Despite the scale of tragedy, these cases are often just as hard to solve as regular shootings.
Over the past seven days, America witnessed five mass shootings that left three dead and 19 injured. The attacks bring the US mass shooting body count so far this year to 106 dead and 372 injured. That means more people have died in American mass shootings in the last four and a half months than were killed (by most estimates) in Ukraine's brutal protests between fall 2013 and fall 2014.
Meanwhile, Europe suffered one mass shooting this week, albeit an especially bloody one. Early Sunday, a group of bikers and locals were hanging out in an abandoned brewery in the Russian town of Chelnokhovo, not far from Moscow, when some of the bikers reportedly insulted 27-year-old Ilya Aseyev. Taking offense, the man allegedly left and returned with a firearm at about 6 AM, killing five people. That assault brings Europe's mass shooting body count so far this year to 18 dead and 55 injured in 15 incidents.
The shooting in Chelnokhovo wasn't just deadlier than all of this week's American mass shootings combined—it was also the deadliest such attack in Europe in 2016. But while the attack was horrific, justice (dubious as that term may be in Russia) was swift; two female witnesses spared in the attack helped police identify and arrest Aseyev within the day. That makes for a stark contrast with the aftermath of many American mass shootings, where the authorities seem to have trouble identifying potential suspects, and all too often never make an arrest at all.
The United States has a notoriously high rate of unsolved homicides: 211,000 such cases accumulated between 1980 and 2015, with almost 5,000 more added annually. (Citing FBI statistics, NPR reported last year that about 64 percent of all homicide investigations nationwide go unresolved.) You might expect mass shooting cases, including those with no deaths, to be easier to crack given their visibility. But according to David L. Carter, a criminologist at Michigan State University and an expert on homicide clearance rates in America, it's not that simple. The method and scale of a violent crime doesn't necessarily determine how hard it is to solve; mass shootings are still prone to all of the complications that have stymied police investigations increasingly since the 1960s, when national clearance rates on homicide cases were more like 90 percent year on year.
A decline in certain types of crimes of passion has increased the relative rate of stranger-on-stranger (or at least seemingly random) attacks, which are harder to investigate. That's especially true if you can't track down a perpetrator via powder residue, shell casings, bullets, or other forensics. Tension between violence-prone communities and the police, the emergence of "no snitch" culture, and the fear of retaliatory attacks by the shooters can also hinder efforts to gather witness testimony. The result is pockets of virtual impunity with massive numbers of unsolved murders when compared to the rest of the country.
We can see many of these factors at play in America's mass shootings this past week. The first four incidents all basically line up with characteristics of "random" or "gang" violence. Last Friday at about 8:15 PM, one person was killed and four were wounded outside of a carwash in Detroit, Michigan. Then, around 9:10 PM, a street shooting in Montgomery, Alabama, injured four more. On Sunday morning, at about 2:30 AM, an altercation between two men in line for a food truck in Austin, Texas, left one of them dead and three women injured. And on Wednesday night at about 8 PM, another street shooting in Chicago, Illinois, wounded five more. Investigations in these cases have moved slowly, and may go nowhere given the context of the crimes.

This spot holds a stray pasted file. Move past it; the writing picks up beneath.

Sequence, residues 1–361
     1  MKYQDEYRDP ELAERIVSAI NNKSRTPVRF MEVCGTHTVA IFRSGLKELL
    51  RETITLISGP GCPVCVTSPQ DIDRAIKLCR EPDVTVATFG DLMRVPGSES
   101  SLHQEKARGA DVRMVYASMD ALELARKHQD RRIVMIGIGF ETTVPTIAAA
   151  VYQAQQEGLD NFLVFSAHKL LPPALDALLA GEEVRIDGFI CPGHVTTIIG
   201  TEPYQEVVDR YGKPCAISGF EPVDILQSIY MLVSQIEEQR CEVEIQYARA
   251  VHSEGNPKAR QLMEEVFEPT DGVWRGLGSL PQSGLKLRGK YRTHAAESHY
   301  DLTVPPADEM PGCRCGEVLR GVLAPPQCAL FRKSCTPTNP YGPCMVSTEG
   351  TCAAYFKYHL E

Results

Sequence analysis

That leaves one less opaque mass shooting on Wednesday night in Birmingham, Alabama. A man allegedly injured four of his children and killed their mother in her home—a case involving two parties who knew each other, as well as vocal witnesses. The tragedy was followed by the arrest of the suspect the morning after the shooting.
"There is a point when a community demands a response" to tricky but emotionally resonant shootings, Carter tells me—especially in the case of very public incidents with high body counts. The extra manpower and scrutiny in those cases may lead to higher clearance rates.
Conversely, some criminologists argue, investigatory failure just erodes trust in institutions, further limiting cops' ability to gather information.
Carter and company insist that this doesn't need to be a permanent predicament. Criminologists and ex-cops have suggested all manner of tweaks to policy and procedure, from changing protocol for investigations to better funding homicide units in poor communities (investigating murders is expensive) to overhauling the deployment and priorities of officers in murder hot spots. Whether any of these recommendations can increase the homicide clearance rate generally or the mass shooting clearance rate in particular remains to be see. But for now, America has to contend with the fact that there are large swaths of the country where you can unload a clip of ammunition from a moving car knowing there's a good chance you'll get away with it.
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